“I couldn’t build my own commercial product” – You already build some or all of a product for your employer, so what’s the difference in building it for yourself?

What we tend to mean is that we need someone else to constrain and shape the commercial context. But really, what is more potent than someone with both business and technical knowledge? Someone who can figure out that a client wants, and then build it or lead a technical team in doing that? You can, and should, add that commercial awareness.

I’ve begun reading “The Personal MBA” (Josh Kaufman), in an attempt to round out my own business and non-tech skills. It is my assertion that every technical person is a tantalisingly-small number of steps away from being sufficiently commercially aware that they can not only build a product, but figure out what to build too.

“I couldn’t run my own company” – If you can build a commercial product, what’s to stop you starting a company of your own to sell it? After all, a startup is simply a bunch of folks (or even one) who realised that they could do just that.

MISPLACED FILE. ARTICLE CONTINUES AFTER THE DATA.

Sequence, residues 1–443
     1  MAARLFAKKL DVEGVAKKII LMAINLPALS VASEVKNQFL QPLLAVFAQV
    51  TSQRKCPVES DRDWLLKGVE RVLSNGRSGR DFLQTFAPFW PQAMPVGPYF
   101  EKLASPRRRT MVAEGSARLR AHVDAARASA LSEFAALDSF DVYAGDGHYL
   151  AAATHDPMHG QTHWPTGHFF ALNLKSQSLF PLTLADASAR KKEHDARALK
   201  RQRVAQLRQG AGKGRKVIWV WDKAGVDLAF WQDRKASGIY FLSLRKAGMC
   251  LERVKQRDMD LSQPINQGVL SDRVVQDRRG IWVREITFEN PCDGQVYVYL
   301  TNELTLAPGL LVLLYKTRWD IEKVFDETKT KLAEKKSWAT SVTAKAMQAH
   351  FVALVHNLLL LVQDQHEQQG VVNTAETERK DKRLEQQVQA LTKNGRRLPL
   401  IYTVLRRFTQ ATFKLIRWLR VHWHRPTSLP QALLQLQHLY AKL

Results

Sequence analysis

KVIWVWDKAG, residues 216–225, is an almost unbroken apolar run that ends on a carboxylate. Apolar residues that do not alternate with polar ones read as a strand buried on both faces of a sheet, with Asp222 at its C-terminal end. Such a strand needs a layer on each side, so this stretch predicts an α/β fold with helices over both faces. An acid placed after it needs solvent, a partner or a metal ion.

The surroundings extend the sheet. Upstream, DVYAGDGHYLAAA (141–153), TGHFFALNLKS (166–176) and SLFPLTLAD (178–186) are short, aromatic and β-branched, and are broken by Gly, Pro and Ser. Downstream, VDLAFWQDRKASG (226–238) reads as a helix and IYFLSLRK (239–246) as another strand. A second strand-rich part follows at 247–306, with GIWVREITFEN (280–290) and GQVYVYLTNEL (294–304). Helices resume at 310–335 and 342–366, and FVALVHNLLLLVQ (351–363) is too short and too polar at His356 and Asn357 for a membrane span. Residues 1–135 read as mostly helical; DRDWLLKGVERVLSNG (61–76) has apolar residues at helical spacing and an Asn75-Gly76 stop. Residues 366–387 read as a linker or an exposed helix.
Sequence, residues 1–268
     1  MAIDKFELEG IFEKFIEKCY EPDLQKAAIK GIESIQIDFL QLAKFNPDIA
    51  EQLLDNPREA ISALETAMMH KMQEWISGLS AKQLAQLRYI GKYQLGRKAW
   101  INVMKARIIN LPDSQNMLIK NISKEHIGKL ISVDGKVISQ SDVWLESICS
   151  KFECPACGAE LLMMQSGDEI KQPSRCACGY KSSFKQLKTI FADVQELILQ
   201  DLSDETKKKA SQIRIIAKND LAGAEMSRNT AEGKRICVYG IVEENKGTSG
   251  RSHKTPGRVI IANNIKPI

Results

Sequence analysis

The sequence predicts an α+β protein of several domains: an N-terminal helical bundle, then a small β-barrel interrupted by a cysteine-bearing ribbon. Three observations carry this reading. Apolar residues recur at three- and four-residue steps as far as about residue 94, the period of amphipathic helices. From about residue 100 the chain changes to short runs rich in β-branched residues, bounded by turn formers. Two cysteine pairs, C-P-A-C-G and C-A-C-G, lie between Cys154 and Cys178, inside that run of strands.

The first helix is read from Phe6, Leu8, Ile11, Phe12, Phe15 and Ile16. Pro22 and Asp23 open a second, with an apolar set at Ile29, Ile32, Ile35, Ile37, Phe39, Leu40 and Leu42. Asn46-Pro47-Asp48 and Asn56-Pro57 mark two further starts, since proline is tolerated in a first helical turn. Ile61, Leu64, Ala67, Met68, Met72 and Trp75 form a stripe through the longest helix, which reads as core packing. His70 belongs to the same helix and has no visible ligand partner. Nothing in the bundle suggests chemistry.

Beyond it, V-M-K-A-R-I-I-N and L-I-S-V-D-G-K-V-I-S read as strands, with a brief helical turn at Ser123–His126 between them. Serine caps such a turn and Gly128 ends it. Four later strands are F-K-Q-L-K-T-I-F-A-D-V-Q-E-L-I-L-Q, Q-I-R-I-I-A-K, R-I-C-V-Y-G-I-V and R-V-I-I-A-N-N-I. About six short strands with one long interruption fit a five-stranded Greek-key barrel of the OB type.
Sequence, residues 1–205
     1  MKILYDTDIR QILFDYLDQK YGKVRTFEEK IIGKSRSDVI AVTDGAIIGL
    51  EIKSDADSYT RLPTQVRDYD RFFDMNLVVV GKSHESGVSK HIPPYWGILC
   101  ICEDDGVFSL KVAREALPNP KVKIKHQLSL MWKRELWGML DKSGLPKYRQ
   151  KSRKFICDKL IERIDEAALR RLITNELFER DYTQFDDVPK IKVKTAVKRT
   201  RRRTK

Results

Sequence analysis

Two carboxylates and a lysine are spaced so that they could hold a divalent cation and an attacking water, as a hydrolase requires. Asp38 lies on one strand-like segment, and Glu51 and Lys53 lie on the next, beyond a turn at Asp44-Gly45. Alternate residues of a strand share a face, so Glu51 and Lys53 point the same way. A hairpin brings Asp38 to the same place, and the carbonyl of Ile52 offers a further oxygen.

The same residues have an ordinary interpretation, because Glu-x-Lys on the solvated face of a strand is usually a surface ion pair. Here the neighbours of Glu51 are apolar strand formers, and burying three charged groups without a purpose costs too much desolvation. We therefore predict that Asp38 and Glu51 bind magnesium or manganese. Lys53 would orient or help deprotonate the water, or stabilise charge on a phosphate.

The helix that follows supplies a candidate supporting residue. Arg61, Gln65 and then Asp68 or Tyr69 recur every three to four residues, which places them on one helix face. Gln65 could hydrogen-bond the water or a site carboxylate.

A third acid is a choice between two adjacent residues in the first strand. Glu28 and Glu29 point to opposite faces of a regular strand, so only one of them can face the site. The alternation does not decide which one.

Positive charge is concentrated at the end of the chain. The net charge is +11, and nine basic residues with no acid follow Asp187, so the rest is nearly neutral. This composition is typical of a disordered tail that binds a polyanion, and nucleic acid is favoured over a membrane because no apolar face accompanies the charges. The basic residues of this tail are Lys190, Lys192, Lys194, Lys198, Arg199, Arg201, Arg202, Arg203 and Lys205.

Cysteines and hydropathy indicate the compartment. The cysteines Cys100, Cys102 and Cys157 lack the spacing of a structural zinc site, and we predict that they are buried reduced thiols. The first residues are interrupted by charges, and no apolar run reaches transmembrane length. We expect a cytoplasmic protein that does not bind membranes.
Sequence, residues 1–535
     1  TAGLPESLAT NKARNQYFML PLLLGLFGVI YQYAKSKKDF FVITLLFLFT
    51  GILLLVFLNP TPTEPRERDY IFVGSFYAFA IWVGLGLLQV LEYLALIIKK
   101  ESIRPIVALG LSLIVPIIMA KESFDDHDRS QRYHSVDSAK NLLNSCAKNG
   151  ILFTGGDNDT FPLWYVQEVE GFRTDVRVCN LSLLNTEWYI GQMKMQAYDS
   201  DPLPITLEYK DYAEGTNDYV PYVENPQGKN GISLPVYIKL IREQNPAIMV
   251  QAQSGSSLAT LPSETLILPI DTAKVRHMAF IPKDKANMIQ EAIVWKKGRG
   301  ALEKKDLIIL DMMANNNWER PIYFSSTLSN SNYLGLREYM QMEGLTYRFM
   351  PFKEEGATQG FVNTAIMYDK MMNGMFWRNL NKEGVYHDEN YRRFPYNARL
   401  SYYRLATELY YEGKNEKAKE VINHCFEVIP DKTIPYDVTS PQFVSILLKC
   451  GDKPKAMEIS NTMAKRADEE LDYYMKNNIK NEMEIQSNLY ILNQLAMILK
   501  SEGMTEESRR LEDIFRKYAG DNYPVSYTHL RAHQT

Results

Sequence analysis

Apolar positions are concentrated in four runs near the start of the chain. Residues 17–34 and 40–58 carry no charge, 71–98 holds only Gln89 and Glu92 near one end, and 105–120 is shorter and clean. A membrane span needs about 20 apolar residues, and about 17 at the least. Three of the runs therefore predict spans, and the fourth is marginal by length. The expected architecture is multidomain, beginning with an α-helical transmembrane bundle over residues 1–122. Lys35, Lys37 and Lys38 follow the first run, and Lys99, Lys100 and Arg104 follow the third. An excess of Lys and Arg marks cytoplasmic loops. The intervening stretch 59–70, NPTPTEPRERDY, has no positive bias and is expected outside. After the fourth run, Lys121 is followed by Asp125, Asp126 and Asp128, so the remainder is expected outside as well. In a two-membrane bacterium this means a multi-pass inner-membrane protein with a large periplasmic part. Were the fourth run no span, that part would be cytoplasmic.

Again, the Personal MBA helps here, and an awareness of which areas you don’t currently know much about (your blind spots), plus a willingness to go and learn enough about each of those areas. Don’t deny the need for some marketing, sales, financial knowledge; They are all  crucial. Just admit what you don’t know, plan to learn some, and then realise you’ll need to wear each of those hats periodically to build (or at least kick-start) a well-rounded venture.

For me, awareness of what makes a product commercial, and how to run a company, are the two aspects that I’m still trying to learn. They have been pivotal in my own limiting beliefs in the past, and I’m beginning to see possibilities where once I only saw barriers and obstacles to my career.